The U.S. Food and Drug Administration (FDA) introduced the concept of phase 0 clinical trials in 2006 to accelerate cancer drug development. One of the objectives of a phase 0 cancer clinical trial is to establish at the very earliest opportunity whether an agent is modulating its target in a tumor and consequently whether further clinical development is justified. Given the paucity of clinical studies testing the biologic effects of a STAT3-selective inhibitor in humans, we designed a trial with a primary endpoint of target gene modulation in the tumor. To ensure that we could obtain high-quality tissue specimens, we elected to directly inject the STAT3 decoy immediately before HNSCC tumor resection when the patient was under anesthesia. Although control groups are not typically included in early-phase clinical trials, we chose to also enroll subjects exposed to a saline injection, rather than the STAT3 decoy, to serve as controls for the assessment of target gene modulation in the decoy-treated tumors. We received support from the (former) NIH Rapid Access to Interventional Development (RAID) program to manufacture clinical grade material. Because of the relative ease of obtaining biopsies of HNSCC before surgical resection, cumulative evidence supporting STAT3 as a therapeutic target in this cancer, and the urgent need for more effective therapies, we conducted a phase 0 study to evaluate the biologic effects of the STAT3 decoy in patients with HNSCCs.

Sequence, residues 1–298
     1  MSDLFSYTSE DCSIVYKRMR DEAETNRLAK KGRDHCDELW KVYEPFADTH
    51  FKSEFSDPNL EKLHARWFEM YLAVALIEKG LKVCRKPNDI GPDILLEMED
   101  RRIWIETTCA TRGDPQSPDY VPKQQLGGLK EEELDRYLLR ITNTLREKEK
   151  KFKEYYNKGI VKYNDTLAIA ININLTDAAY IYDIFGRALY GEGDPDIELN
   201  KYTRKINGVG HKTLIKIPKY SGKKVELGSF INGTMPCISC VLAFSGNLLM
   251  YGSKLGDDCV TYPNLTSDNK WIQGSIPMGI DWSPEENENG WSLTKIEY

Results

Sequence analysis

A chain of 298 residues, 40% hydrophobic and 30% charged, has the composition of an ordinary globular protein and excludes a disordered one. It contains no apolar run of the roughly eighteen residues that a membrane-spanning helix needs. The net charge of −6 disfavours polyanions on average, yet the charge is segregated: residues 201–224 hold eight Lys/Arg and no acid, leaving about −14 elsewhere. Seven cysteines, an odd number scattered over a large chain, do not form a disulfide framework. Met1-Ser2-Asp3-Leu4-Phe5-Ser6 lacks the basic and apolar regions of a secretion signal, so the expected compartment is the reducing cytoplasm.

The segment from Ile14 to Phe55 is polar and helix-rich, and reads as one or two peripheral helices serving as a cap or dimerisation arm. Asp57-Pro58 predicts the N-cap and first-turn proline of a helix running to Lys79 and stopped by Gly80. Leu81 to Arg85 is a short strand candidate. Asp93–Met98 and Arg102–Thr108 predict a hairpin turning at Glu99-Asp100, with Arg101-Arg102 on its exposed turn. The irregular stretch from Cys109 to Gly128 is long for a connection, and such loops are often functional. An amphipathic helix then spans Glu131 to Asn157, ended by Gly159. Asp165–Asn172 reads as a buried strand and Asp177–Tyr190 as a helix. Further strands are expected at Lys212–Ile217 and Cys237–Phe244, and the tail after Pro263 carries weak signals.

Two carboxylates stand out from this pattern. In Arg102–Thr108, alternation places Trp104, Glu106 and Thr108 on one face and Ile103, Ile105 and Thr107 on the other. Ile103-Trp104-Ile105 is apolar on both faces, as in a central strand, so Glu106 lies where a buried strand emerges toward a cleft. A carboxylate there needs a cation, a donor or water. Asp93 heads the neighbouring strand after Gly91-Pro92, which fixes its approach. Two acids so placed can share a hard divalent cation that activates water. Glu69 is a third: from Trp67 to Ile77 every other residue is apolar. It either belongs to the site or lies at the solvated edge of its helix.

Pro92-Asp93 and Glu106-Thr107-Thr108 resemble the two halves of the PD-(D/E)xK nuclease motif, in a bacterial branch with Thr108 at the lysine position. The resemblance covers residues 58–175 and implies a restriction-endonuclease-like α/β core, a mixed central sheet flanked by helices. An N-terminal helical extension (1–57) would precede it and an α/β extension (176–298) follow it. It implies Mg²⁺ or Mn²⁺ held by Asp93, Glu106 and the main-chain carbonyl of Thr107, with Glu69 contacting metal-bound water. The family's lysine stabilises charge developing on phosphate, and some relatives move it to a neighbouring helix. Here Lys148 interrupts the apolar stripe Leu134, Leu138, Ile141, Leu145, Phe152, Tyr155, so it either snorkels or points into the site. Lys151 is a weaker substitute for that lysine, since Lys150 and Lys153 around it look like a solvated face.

Because the potential for broad clinical application of the STAT3 decoy in its original formulation is limited by its sensitivity to degradation and the necessity for intratumoral administration, we also sought to develop STAT3 decoy modifications that would improve stability and facilitate effective systemic administration. These studies resulted in a chemically modified cyclic STAT3 decoy that shows antitumor activity following systemic delivery. This strategy of decoy modification should allow further clinical development and testing of the STAT3 decoy and may have important implications for the generation and therapeutic evaluation of a wide variety of decoys targeting previously considered “undruggable” transcription factors.
Intratumoral Administration of a STAT3 Decoy Oligonucleotide Abrogates Target Gene Expression in Human HNSCC